2011 exchange rate of the Pound/Euro
The beginning of 2010 saw again in the value of the Euro as the Pound was stripped off its value. The slow depreciation in the value of the Pound was possibly not because of the strengthening of the Euro, but rather a shift in the monetary policy that sought to hold back the value of the Euro currency. Because of the raging recession, and austerity, the European Central Bank chose to loosen its monetary policies even further to avoid the effects of declining economies of periphery countries. The cutting down of the interest rates by the Central Bank of Europe caused a shift in investment interests from the Pound toward the Euro. Although the British Pound was headed to a better level, the market anticipation of its continued drop on value served to contribute toward further downward trend against the Euro. This situation is evident from the graphical representation in the figure below.
Analysis of the correlation between changes in exchange rates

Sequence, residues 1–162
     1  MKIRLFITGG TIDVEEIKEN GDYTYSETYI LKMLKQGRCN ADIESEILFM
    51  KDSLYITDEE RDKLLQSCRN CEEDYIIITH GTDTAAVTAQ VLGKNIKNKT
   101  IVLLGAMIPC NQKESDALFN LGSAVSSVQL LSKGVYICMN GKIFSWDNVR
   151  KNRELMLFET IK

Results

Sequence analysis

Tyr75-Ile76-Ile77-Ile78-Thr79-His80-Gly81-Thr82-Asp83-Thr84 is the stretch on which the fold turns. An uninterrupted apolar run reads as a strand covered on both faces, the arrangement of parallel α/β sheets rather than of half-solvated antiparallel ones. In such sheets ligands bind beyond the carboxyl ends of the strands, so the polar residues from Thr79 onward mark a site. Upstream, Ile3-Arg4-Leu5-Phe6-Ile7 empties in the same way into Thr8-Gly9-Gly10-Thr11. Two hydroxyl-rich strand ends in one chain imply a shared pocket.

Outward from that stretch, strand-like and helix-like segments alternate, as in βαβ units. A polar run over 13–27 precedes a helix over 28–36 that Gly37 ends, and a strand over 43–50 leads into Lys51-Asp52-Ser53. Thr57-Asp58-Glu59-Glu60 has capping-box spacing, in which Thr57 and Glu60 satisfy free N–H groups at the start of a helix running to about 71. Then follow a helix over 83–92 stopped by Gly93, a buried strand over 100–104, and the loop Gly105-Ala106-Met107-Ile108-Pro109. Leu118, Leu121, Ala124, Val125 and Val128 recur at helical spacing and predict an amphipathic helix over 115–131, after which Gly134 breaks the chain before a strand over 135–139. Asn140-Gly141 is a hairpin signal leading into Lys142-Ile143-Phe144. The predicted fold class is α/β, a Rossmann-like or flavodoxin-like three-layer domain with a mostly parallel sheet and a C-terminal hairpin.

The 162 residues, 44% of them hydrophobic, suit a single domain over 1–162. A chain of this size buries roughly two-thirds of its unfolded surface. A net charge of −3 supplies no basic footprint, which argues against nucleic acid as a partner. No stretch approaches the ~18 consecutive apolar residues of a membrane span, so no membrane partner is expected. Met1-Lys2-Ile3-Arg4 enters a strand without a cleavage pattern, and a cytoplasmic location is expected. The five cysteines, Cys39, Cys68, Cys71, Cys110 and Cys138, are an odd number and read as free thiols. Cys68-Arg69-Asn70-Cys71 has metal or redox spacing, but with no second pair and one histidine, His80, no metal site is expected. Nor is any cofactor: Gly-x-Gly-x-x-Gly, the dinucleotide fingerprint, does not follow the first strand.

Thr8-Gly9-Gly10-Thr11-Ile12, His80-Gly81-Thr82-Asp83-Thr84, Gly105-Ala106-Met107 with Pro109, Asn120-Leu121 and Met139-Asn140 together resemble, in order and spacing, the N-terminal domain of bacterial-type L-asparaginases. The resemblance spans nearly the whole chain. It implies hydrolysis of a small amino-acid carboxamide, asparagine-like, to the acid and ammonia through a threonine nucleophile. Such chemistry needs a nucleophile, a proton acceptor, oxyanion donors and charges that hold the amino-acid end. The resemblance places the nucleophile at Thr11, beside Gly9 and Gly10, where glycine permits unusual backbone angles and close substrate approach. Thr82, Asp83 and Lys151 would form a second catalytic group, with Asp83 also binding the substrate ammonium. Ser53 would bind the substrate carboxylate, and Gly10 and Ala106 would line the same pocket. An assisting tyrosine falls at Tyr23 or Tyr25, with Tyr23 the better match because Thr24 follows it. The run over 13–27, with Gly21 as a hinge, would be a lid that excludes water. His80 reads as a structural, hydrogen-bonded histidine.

The analysis of the graphs of exchange rates between the U.S dollar and the British Pound reveals a unique relationship (Michalowski, 2011; Beblavý, Cobham, and Ódor, 2011). In this case, the analysis shows that the sterling Pound stretches further compared to the dollar in whichever direction (Backe and Scardax, 2009). This means that when the Pound increases in value relative to the U.S dollar, it does that further. Similarly, when the value of the Pound drops relative to the value of the U.S dollar, it drops further. This relationship indicates that when the value of the U.S dollar rises, the value of the Pound increases considerably (Lorca-Susino, 2010). The EUR/GBP cross currency pair showed a positive relationship between the Pound and the dollar. While the economic crisis performed poorly, the U.S dollar weakened against other currencies (OANDA, 2012). However, the Pound did not respond in the same direction.